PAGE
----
Monday, 29 August 2016


Years before Paris, Hilton Hotels represented exclusivity and class. As a young boy in the 1960s I saw London Hilton on Park Lane as a stunning skyscraper.

20 years later, as a precocious marketing whizz-kid, a client invited me to lunch at its rooftop restaurant. I loved it. Everything felt special. My client was clearly well known to the staff and I left feeling altogether squiffy and rather bloomin’ splendid.

Had material matters mattered more to me, I would have felt that I’d truly made it.

Instead I chose scribbling and had no further contact with Hilton Hotels until a couple of weeks ago, when I stayed at the Watford Hilton.

Blue chip brands have two ways to go. They either hang on to the unique quality that made them what they are, or they diversify, diluting the brand into as many enterprises as might exploit a profit from the cachet of the name.

Fortnum and Mason and Waterford Crystal would be the former, while Hilton, as I discovered, represent the latter.

Every couple of months I visit my mum in London. Occasionally, when it’s not convenient for me to stay with her, I go to a hotel. Last time my usual place was fully booked, but the internet came up with a reasonable rate at the Watford Hilton.

For some bizarre reason I just love saying it: 

Watford Hilton Watford HiltonWatford Hilton

It sounds so incongruous it tickles my funny bone, but as a guest it screwed with both my head and wallet and that doesn’t make for a happy man.

To be fair all the staff I met (save one who failed to see past the rules) were absolutely splendid, my room was as clean and bland as any corporate hotel, and I had no complaints, until I went to the bar.

Much as I love my family, when I return to London from the silence of rural Ireland, the hammering hum of the big city combines with my family’s need to all communicate to each other, at once, all the time (myself included), to leave me a bit bewildered by the end of the first day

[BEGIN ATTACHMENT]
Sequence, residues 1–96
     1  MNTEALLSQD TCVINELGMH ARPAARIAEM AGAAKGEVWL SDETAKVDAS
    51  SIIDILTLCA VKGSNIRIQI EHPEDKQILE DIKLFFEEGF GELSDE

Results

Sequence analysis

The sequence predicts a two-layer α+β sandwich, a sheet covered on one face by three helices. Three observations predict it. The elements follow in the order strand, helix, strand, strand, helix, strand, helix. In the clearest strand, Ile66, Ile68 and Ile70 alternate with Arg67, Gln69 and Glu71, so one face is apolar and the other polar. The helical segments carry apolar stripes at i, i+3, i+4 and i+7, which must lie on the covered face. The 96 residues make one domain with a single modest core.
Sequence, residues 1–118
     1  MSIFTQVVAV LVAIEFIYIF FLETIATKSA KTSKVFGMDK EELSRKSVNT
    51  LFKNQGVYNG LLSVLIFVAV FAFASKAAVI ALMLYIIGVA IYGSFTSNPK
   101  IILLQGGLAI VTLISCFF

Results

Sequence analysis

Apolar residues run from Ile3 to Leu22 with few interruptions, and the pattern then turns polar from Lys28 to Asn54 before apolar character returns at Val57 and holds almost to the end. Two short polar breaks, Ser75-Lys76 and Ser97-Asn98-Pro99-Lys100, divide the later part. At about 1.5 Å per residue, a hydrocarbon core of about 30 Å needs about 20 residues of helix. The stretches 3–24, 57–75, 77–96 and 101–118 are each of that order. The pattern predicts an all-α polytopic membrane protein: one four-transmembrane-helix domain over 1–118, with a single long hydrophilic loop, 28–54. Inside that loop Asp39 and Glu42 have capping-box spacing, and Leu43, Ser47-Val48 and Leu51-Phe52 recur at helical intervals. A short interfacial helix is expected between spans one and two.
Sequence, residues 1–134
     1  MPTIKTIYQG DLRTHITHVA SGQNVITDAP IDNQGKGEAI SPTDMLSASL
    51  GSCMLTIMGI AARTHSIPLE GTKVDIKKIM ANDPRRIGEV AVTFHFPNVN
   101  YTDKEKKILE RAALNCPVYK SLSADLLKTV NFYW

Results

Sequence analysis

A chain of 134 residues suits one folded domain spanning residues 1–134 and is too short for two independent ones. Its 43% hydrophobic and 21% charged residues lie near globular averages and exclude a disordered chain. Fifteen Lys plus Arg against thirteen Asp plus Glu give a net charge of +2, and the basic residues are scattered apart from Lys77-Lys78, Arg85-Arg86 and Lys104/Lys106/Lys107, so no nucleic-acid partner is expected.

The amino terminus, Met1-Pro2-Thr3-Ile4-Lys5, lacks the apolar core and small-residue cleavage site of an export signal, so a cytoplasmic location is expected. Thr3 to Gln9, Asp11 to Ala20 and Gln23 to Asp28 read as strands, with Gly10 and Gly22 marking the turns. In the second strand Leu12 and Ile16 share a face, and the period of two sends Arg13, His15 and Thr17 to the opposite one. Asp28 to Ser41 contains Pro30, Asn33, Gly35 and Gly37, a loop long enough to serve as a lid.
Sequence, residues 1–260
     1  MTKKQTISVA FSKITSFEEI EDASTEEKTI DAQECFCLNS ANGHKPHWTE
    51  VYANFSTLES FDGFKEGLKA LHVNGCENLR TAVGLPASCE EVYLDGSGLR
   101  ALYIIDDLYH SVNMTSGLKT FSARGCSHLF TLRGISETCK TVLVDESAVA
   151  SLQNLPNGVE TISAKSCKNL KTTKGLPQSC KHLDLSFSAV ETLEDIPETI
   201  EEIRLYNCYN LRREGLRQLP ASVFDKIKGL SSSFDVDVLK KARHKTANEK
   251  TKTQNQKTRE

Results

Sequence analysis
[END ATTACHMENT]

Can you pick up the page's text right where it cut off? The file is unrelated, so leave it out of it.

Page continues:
I long for a barstool in the hotel and a double Jameson.

Sadly, as is increasingly the way these days, there were no barstools, condemning the lone traveller to sit at a table. That night 
Tired after travelling and coming down from a fun full-on family dinner, I didn’t care. 

Up to the bar, where I feel a little taken aback that my double Jamie costs £10.90, but I just want it down my neck, so I go to my table; sip whiskey; relax. Pick up the menus from the table and look at them, so I’m not staring at couples at other tables like a psycho.

Ah, the drinks.listings.
Jameson: £5.00.

Hang on a mo. If this says it costs a fiver how come my double just cost £10.90?

Up to the bar to ask the barman who tells me it’s the service charge.

I tell him I was a barman on and off for 18 years and if a punter wanted to tip me that was great, but you don’t add a whopping service charge to a drink when you feel like it.

He says it’s on all the drinks.

I tell him that had I ordered from the floor staff, I might have left a tip. Had he proved a splendid barman, I might have tipped him too, but there is no such thing as service charge when you’re standing at the bar.